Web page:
Literary Fiction

The Last List of Miss Judith Kratt – Andrea Bobotis

on
June 2, 2019
The Last List of Miss Judith Kratt Book Cover The Last List of Miss Judith Kratt
Andrea Bobotis
Fiction
Sourcebooks Landmark
9 July 2019
Kindle
320

Judith Kratt inherited all the Kratt family had to offer--the pie safe, the copper clock, the murder that no one talks about--and she knows in her old bones that it's time to make an inventory of her household and its valuables. But she finds that cataloging the family belongings--as well as their misfortunes--won't contain her family's secrets, not when her wayward sister suddenly returns, determined to expose skeletons that the Kratts had hoped to take to the grave.Interweaving the present with chilling flashbacks from one fateful evening in 1929, Judith pieces together the influence of her family on their small South Carolina cotton town, learning that the devastating effects of dark family secrets can last a lifetime and beyond.

Affirmation

To take a journey through a story enraptured by the characters and setting, to enjoy the slowly maturing and revealing threads of secrets, which friends and family have held close, to witness the family dynamics across a spectrum of personalities, and to appreciate the slow transition towards equality between whites and blacks in society and the true appreciation of equal standing – that is the amazing experience awaiting the reader of this wonderful book.

The Last List of Miss Judith Kratt is a totally absorbing novel with such beautiful writing reminding us of the classics. The book is written from the first person perspective, with Miss Judith Kratt narrating over 2 time periods; when she was a young girl of 15 in 1929, and as an elderly lady of 75 in 1989.

Daddy Kratt is a stern man, ruthless in business and ambitious to the point where he effectively controls the town of Bound in South Carolina. He owns the cotton gins and several plantations, he built the department store that sold everything needed by the community and is a landlord with 500 acres of land. He is also that feared father and husband, as he rules his family with unquestioned authority.

As a young girl, Judith is the eldest of 3 children and works for Daddy Kratt in the Department store keeping inventory and running tours of the 4-floor department store. Judith’s brother Quincy, is the son striving to impress the domineering and powerful father. He skulks around, eavesdropping to uncover secrets or misdemeanours that can be leveraged against anyone, which he furnishes his father with. Rosemarie is two years younger than Judith, still flighty and is excused from working in the store. All three children grow up with Olva, a black girl of the same age, whom their Mama had a special fondness for.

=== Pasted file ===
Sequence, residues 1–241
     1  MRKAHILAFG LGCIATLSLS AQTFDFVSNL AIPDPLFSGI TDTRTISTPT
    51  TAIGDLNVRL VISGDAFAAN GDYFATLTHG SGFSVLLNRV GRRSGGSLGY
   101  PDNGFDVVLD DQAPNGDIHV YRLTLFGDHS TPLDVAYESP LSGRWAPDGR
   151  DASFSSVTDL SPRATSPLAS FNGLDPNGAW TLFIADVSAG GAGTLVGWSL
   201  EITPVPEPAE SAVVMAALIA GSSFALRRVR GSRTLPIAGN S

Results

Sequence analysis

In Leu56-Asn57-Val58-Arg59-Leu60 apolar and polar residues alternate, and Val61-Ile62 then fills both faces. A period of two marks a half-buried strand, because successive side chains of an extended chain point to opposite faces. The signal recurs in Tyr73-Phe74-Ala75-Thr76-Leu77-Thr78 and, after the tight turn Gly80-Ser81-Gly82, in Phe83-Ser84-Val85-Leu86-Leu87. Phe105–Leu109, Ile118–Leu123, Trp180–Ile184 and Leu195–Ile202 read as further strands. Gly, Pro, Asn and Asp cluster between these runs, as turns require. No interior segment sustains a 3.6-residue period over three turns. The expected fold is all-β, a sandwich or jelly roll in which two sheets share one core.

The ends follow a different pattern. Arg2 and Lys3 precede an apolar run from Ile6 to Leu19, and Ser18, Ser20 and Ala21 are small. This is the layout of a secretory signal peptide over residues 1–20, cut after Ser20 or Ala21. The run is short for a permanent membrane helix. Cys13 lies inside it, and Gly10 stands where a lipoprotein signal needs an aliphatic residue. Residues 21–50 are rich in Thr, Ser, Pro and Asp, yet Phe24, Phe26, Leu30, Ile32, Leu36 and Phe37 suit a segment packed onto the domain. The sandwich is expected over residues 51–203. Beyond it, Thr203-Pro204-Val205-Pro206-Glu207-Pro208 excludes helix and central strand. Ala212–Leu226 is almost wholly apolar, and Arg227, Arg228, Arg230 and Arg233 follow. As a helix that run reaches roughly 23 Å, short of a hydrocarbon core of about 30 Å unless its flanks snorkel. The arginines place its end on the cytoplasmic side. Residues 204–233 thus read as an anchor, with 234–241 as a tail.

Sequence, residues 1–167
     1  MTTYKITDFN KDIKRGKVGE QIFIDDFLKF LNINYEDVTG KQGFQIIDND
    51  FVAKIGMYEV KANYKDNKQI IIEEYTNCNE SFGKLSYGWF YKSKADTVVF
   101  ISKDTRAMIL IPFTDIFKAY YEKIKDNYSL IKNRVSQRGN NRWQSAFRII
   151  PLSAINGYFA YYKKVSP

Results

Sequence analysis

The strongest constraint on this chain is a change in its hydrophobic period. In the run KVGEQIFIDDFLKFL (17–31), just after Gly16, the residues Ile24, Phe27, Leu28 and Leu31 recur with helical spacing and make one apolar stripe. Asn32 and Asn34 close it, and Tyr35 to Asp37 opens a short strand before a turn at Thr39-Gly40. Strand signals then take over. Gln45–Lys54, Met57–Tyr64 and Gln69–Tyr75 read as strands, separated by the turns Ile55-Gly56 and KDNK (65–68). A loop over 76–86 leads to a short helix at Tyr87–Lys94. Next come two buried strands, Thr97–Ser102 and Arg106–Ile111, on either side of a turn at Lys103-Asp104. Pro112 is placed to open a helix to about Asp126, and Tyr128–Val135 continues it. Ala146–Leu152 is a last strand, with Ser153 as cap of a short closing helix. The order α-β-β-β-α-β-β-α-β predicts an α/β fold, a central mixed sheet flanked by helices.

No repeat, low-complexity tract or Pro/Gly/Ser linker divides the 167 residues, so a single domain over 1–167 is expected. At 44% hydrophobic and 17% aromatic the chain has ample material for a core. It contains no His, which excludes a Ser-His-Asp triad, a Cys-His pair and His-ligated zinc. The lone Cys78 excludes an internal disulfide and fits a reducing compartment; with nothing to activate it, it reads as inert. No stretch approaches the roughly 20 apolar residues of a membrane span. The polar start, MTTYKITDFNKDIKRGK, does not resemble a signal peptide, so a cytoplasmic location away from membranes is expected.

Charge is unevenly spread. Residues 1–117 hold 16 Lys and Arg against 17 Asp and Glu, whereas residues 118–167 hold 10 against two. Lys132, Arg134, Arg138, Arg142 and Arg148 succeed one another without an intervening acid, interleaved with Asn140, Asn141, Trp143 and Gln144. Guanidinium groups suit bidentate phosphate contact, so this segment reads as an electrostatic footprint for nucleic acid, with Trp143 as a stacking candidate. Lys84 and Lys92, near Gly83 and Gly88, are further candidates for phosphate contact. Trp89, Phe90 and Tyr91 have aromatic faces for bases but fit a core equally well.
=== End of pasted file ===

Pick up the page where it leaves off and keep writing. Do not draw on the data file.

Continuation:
As the older introspective woman, Judith has aged with various biased beliefs and a recognition that the family house and standing, are synonymous with her. She shares her life in the Kratt family mansion with Olva, who has remained with Judith her whole life. Judith decides to undertake an inventory of all the possessions within the house. Many of the items have deep meaning or sentimental value, and each with their own story which is told during the earlier time period and listed in the latter. This is a brilliant way to draw the two eras together and those threads that run across time bring an appealing aspect to the novel. Judith receives a postcard from Rosemarie indicating she’s coming home after 60 years away, and the old memories come flooding back.

“You see, Quincy gathered secrets, but Rosemarie’s impulse was to scatter them to the wind. And my sister believes I killed Qunicy. Well now. It was time to get my inventory underway.”

Secrets permeate every relationship, and different versions of the truth weave a complicated story that illustrates how the ambiguity of perception can underpin false incrimination and the stances people take. Even after 60 years, secrets can be exposed.

This book is an immersive literary delight. The writing is beautifully descriptive with a wonderful array of characters including, family, friends, servants, employees, business partners and town folk, all adding amazing dimensions to the characterisations and interactions. The secrets and consequences are worth waiting for, even though you may guess them – that’s not the point – the journey is the reward.

This is another Buddy Read with Beata and she used some wonderful terms describing Judith that I wish I’d thought of. You’ll have to read her review to find out. I would highly recommend this book and I’d like to thank Sourcebooks Landmark and NetGalley for providing me with an ARC version in return for an honest review.

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Peter Donnelly
Ireland

Founder of The Reading Desk, supporting readers, authors, publishers and book industry. Top Reviewer on Amazon, Goodreads, and NetGalley peter@thereadingdesk.com

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